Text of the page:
Sunday, July 15, 2012

Greetings from the Montclair Farmers' Market!

My favorite weekly ritual is shopping at the Montclair Farmers’ Market on Saturday mornings from June through October.  Located at the Walnut St. train station in Montclair, the market offers New Jersey’s freshest and finest fruits and vegetables, cave-aged cheeses, eggs, bread, meats, fish, honey, wine and more.  

Buying locally-produced food is not only good for the local economy, but it’s also good for the planet.   Here is an example.  My local grocery store sells cherry tomatoes grown in Mexico.  Think about the costs – economic and environmental – of transporting those tomatoes from Mexico to New Jersey.  Yet, this is done every day.  Here's another example.  Fish caught off the coast of Norway are shipped to China where workers clean and filet them.  Then, they are sent back to Norway and sold in the store.  Think for a moment how much carbon dioxide is emitted while transporting those fish thousands of miles per trip.

I've wondered how many "food miles" my groceries have traveled?  After a quick search, I found a "food miles calculator" on Organic Linker, The Organic and Eco Directory.  After entering the food type, your location (country) and the country where the food was grown, this tool calculates the food miles and the CO2 emissions.  Those Mexican tomatoes from the grocery store traveled approximately 1886 miles and released 679 kilograms of carbon dioxide into the atmosphere.  By contrast, local tomatoes grown and purchased in Montclair, NJ would travel 0 food miles and release zero CO2.  Even if the Jersey tomatoes were grown and transported from a farm 10 miles from Montclair, the carbon footprint would be considerably less than from those Mexican tomatoes.

The food miles calculator is not a scientific measure, as it does not consider many other factors such as the environmental cost of growing the food (pesticides, water, etc), harvesting, packaging, etc.  However, it is a great learning tool to show students the impact of our food purchases on carbon dioxide emissions, one contributor to global climate change and environmental damage.

A similar interactive lets you calculate the environmental cost in food miles for fruit purchased in the UK.  The challenge is to select fruits that would make a fruit salad with the lowest carbon footprint, which you can do  with this tool.

For the five months -- June through October --  New Jersey farmers' markets are open, it makes sense to purchase produce locally, thus reducing our food miles and carbon footprint.  Buying local is just more sustainable -- for the local economy and for the planet!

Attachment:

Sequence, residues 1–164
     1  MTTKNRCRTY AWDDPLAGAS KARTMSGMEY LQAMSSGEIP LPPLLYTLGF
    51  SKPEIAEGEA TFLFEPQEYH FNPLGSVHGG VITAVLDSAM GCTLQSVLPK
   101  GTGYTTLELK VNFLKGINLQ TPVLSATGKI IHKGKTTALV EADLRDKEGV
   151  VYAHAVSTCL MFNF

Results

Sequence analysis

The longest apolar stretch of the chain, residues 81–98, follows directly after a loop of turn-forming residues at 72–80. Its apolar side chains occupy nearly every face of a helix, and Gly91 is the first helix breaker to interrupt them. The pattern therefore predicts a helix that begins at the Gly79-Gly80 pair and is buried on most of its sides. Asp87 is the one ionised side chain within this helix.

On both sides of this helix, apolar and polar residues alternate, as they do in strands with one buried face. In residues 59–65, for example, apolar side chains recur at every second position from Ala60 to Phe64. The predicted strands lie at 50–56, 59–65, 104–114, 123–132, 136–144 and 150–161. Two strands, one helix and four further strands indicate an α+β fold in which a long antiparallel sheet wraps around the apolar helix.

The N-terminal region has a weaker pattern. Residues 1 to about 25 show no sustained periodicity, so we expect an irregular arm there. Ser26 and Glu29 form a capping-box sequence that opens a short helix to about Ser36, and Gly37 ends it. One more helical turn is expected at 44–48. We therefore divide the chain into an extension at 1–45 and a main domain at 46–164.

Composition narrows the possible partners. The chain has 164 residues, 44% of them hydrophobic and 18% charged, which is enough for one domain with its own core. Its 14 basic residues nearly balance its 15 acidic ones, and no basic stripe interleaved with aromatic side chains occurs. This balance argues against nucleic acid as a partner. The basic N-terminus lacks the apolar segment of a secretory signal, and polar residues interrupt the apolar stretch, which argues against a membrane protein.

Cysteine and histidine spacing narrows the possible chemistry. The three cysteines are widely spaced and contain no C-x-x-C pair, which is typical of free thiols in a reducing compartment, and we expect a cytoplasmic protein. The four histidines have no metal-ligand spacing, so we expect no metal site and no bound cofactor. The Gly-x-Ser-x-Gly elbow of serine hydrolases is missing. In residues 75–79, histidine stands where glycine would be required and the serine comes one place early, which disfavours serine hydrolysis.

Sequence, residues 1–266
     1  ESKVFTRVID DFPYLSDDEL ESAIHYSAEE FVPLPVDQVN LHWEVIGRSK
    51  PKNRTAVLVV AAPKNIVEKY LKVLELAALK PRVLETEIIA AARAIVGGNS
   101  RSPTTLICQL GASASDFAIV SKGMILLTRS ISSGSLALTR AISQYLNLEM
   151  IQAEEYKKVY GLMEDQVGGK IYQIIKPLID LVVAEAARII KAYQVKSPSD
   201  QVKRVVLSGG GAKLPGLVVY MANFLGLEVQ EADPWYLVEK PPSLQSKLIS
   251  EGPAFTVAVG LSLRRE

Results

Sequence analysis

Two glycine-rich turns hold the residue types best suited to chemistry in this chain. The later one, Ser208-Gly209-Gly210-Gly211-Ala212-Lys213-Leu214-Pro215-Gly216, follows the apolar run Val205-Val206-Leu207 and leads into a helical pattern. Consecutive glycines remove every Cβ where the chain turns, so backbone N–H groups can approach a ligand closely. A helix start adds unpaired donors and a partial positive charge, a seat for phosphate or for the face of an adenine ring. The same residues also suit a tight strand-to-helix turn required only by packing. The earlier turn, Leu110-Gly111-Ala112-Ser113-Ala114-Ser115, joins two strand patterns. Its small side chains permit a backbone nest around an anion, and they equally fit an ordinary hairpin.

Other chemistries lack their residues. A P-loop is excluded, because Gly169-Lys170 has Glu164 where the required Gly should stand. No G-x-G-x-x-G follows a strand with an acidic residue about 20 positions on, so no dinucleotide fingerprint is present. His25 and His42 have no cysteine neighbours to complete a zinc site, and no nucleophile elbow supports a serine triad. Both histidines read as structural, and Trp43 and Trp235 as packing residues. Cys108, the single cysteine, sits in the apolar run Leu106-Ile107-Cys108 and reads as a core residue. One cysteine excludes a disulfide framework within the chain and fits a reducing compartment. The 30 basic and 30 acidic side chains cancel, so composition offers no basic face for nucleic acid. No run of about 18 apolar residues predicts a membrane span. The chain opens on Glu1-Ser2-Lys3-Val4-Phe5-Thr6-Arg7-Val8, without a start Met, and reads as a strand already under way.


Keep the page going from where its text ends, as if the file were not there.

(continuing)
This link will help you find a NJ farmers' market in your area:

Monday, July 2, 2012

Millennials & Information Literacy

The summer quarter begins this week, and the online course I’m teaching – SOC 415 Global Social Change --  is on the information literacy curriculum map.   With the help of our college library, I have been developing a student research project to meet the information literacy outcomes for this course:

Students will keep a record of activities related to the process of information seeking, evaluating, and communication in order to reflect on past successes, failures, and alternative research strategies.

Information Literacy is “the set of skills needed to find, retrieve, analyze, and use information” (“Association of College & Research Libraries”).  One of the primary goals of information literacy is to help students learn critical thinking and research skills, for both their college years and for lifelong learning.

This is particularly important for the millennial generation.  While millennials tend to be “tech savvy”, research shows that “many students may have only limited knowledge about how to effectively evaluate online resources and use them appropriately” (Windham).

During the next eleven weeks students will research and write about global issues -- poverty, human rights, gender issues, education, population growth, health, etc. -- in their Global Research Journals.     Leslin Charles of the Berkeley College library will guide the students through researching global problems using library databases, journal articles, ebooks and websites.  During the research process, students will keep a research log where they will record their research activities, evaluate the quality and reliability of the information they find and reflect on the progress they have made with research strategies.   

"Introduction to Information Literacy." Association of College & Research Libraries. American Library Association, n.d. Web. 1 Jul 2012.

Windham, Carrie. "Getting Past Google: Perspectives on Information Literacy From The Millennial Mind." Educause Learning Initiative. Educause, 2006. Web. 1 Jul 2012.